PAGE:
Ceramic Traditions and Cultural Territories: the “Nubian Group” in Prehistory Maria Carmela Gatto



Stabilisation and Investigation of the Wall Paintings 38 Claire Heywood Does Aten Live On in Kawa (Kówwa)? Herman Bell and Muhammad Jalal Hashim


Preliminary Report on Rescue Excavations at Akad Mohamed Faroug A. Ali


Eastern Desert Ware, a first introduction Hans Barnard


Old Nubian Houses of Sehel Island Ossama A. W. Abdel Meguid


Archaeological Discoveries along the East Bank of the White Nile, 1997-2000 Khider Adam Eisa


The Is.I.A.O. el-Salha Archaeological Project Donatella Usai and Sandro Salvatori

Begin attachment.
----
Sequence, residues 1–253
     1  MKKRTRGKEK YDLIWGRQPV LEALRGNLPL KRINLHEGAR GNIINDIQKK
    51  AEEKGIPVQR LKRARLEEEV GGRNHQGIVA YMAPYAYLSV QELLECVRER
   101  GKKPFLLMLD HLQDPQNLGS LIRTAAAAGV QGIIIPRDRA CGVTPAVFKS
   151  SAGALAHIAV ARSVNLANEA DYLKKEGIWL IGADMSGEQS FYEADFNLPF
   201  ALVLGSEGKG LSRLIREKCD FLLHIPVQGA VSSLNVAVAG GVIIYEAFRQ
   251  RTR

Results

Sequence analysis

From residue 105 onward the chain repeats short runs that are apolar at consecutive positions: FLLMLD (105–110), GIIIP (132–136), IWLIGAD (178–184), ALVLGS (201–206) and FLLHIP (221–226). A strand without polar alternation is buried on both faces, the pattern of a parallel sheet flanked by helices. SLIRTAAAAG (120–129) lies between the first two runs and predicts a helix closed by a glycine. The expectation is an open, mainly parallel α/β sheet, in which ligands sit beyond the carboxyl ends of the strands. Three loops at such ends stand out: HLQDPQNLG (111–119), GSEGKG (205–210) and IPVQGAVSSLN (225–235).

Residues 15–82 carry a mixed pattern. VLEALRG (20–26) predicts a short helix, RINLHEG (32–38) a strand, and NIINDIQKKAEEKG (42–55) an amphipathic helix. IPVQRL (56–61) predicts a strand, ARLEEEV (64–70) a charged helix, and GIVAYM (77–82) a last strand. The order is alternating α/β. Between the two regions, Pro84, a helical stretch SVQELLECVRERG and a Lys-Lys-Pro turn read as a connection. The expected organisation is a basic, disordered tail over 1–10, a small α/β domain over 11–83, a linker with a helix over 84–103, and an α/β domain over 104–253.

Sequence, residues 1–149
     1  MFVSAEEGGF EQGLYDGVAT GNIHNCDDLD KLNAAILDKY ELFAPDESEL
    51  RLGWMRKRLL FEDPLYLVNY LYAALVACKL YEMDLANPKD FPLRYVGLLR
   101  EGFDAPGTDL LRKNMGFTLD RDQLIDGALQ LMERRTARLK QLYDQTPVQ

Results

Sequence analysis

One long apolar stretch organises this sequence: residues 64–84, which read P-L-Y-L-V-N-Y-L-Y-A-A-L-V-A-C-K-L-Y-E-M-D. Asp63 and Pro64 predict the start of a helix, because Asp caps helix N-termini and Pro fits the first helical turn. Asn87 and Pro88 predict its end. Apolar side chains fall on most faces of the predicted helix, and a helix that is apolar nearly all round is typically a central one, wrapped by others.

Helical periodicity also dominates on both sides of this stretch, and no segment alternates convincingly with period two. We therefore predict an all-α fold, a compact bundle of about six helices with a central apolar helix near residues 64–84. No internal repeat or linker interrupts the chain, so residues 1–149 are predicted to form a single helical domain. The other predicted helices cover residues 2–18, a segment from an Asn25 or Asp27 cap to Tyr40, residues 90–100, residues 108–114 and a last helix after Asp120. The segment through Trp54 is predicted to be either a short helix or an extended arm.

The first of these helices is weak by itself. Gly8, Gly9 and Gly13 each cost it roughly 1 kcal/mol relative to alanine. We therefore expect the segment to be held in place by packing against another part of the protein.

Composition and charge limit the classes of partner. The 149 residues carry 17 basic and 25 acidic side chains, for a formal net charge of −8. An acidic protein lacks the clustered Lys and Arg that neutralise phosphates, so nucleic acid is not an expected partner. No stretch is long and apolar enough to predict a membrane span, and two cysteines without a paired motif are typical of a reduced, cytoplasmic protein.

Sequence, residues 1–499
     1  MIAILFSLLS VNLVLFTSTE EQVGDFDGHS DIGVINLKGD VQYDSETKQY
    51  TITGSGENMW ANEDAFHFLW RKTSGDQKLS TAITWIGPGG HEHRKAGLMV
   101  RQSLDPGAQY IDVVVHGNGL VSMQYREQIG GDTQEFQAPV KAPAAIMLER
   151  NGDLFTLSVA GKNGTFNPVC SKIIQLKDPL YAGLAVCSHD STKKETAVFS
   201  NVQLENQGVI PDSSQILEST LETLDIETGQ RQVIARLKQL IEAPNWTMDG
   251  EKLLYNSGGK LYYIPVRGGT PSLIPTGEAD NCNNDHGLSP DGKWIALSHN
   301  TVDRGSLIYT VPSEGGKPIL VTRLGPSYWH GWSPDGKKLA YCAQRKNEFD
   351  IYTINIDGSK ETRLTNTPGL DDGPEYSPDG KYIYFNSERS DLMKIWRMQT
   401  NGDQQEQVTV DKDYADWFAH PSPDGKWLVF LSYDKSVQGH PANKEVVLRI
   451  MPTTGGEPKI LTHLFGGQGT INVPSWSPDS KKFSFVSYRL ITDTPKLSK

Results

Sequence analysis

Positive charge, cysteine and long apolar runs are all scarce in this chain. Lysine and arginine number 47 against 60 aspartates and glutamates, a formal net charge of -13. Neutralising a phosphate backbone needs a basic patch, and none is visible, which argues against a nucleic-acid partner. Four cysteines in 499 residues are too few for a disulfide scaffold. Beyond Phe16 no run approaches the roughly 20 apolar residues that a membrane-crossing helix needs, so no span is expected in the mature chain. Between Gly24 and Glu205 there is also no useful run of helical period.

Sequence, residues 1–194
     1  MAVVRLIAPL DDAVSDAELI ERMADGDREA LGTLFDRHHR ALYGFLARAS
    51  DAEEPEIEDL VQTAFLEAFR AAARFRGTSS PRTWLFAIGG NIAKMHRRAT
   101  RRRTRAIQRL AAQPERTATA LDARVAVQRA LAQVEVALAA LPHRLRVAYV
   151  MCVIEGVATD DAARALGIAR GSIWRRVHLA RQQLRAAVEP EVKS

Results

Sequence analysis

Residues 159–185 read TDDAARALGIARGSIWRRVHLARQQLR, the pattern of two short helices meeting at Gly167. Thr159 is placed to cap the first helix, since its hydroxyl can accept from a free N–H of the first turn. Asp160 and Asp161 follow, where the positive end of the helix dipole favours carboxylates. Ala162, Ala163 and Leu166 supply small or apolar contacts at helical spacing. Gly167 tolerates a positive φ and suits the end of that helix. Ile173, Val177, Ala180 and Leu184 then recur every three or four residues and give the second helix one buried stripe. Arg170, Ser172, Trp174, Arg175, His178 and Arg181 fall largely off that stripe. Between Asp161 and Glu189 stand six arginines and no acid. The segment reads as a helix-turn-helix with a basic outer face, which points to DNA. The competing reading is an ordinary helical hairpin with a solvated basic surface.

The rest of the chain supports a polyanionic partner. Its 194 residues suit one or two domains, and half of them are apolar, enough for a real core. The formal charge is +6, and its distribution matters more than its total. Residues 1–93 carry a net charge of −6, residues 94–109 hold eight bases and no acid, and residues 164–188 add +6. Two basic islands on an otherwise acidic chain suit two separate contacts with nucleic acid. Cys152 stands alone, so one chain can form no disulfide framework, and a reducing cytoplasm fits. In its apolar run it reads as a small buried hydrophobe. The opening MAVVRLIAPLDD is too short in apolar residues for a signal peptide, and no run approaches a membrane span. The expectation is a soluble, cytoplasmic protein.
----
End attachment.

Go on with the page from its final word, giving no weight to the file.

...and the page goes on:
Publishing Amara West: a progress report Patricia Spencer In the first issue of Sudan & Nubia I gave a brief account of the excavations of the Egypt Exploration Society at Amara West between 1938 and 1950 (Spencer 1997a, 34-9). Although well-recorded for excavations of the period, this work had, for various reasons, remained largely unpublished. Fortunately most of the excavation records have survived and are now in the EES archives in London. The Sudan & Nubia I article coincided with the appearance of the first volume containing the long-overdue publication of the excavations in the town and temple (Spencer 1997b). The second volume (Spencer 2002) is now in the press and will have been published by the time this bulletin is in the hands of SARS members. Amara West II, The cemetery and the pottery corpus, includes a description of the excavation in the 1938-9 season of a number of tombs and burials in a cemetery north-east of the main town. The superstructures of the tombs were not preserved but many of the interments were found to be virtually intact and a number can be dated, on the forms of burial objects and accompanying ceramics, to the Napatan Period. The second part of the volume contains a publication of the pottery corpus devised and used during the 19389 and 1947-8 seasons at the site. Most of the pottery drawings come from the 1938-9 season when excavation concentrated on the temple and its reuse. Unfortunately little of the pottery from the 1947-8 season (when excavation concentrated on areas of the town) was drawn and the ceramic material from the 1948-9 and 1949-50 seasons was not recorded at all. This material is presumably somewhere in the stores of the Khartoum Museum and will hopefully one day be identified, recorded and published. Apart from this pottery, there are two main aspects of the EES work at Amara which remain unpublished: the epigraphic drawings of the scenes and inscriptions in the Ramesside temple, and the thousands of objects found during the excavations. The EES team recorded the temple scenes and texts by copying them onto plastic sheets at a one-to-one scale. The drawings were traced off and inked soon after they had been transported to England and some ‘dummy’ plates were prepared (Figure 1) but publication plans did not proceed further. The original drawings, because of their large dimensions, were stored in the Department of Egyptian Antiquities at the British Museum. In the mid 1980s, concern for their state of preservation led to the Society engaging Mr Harry Stewart to retrace and re-ink the drawings which he did with his customary skill. When major building works commenced at the Museum, the drawings were removed for